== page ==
Business continuity drills are an organizations best tool to detect, analyze and improve their weakest link in the operating chain. The common phrase “practice makes perfect” remains true in the IT world. Business continuity drills allow an organization to review their current operating system and the detrimental impacts that could occur should an accident or threat cause them to halt operations.
Periodic business continuity drills identify gaps in process dependencies and allows your organization to build safeguards to improve incident response rate. Below we will breakdown different business continuity drills and walk you through how to test your business continuity plan.
There are several different types of BCP drills your company can implement to test your business continuity plan. Drills can be difficult to perform due to the large amount of support and management required, but the information you gather from tests can be invaluable to your organization.
Business continuity plans should be tested annually to ensure the plan is covering current operations. Annual scheduled drills should be communicated to the staff at least one week in advance to the drill. This allows the team to secure projects they are currently working on and it provides a reasonable heads-up to staff to communicate with end-users.
Surprise or unannounced drills are used to simulate actual disaster scenarios. These events are triggered by an organization announcement and immediately followed by a period of staff purposely shutting down the systems being tested and communicating with end users that a drill is currently in progress.
Once the systems have been shut down, staff will be tested on their knowledge of following the pre-built business continuity plan. All support staff participating in the drill must report if there were any unexpected issues during the drill. For example, communication difficulties both internal and external, application issues, and operational roadblocks.
Your team designated to build and update your business continuity plan should meet each year to review the plan. This meeting should run through each potential threat and the processes to restore operations. If your organization has adjusted business operations or added additional products or services, your business continuity plan must be updated.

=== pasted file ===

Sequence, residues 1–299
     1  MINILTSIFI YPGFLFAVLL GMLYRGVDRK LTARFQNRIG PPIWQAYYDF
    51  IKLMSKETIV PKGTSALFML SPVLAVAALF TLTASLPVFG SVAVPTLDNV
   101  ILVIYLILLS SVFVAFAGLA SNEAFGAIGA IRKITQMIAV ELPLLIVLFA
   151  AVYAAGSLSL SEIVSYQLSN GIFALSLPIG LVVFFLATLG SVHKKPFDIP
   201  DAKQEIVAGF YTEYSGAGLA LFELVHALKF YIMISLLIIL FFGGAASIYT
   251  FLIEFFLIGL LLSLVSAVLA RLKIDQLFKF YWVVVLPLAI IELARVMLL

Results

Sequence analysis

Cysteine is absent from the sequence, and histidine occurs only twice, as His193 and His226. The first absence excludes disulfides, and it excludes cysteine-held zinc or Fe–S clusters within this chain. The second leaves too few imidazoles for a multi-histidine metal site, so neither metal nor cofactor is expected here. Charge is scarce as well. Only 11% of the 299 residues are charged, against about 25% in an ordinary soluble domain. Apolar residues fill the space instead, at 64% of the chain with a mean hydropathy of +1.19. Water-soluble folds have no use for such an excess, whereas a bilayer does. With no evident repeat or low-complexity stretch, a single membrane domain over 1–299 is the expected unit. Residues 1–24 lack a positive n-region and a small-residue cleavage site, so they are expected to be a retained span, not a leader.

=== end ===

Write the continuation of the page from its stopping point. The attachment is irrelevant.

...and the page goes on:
This meeting is meant to provide an opportunity for all stakeholders to voice their concerns and to revisit processes.
Process isolation involves testing specific parts of your business continuity plan that are either vulnerable, new or in need of adjustments. Isolated tests allow you test the key processes that play a critical role in your businesses ability to operate. These may include financial processes, backup restorations and tangible manageable action items.
Comprehensive business continuity drills are completely unannounced and involve all members in the company. The sole purpose of a full-scale drill is to shut down your current operations and get them fully running again at the backup site with little downtime.
Mature organizations, with trust in their plans, perform these tests. Staff members are well-trained and executive staff exude confidence in the team’s ability to execute the plan efficiently and effectively.
For organizations to have successful business continuity drills, they must build confidence within their staff and their processes set in place. This confidence is only accomplished through proper education, simulation and review of processes.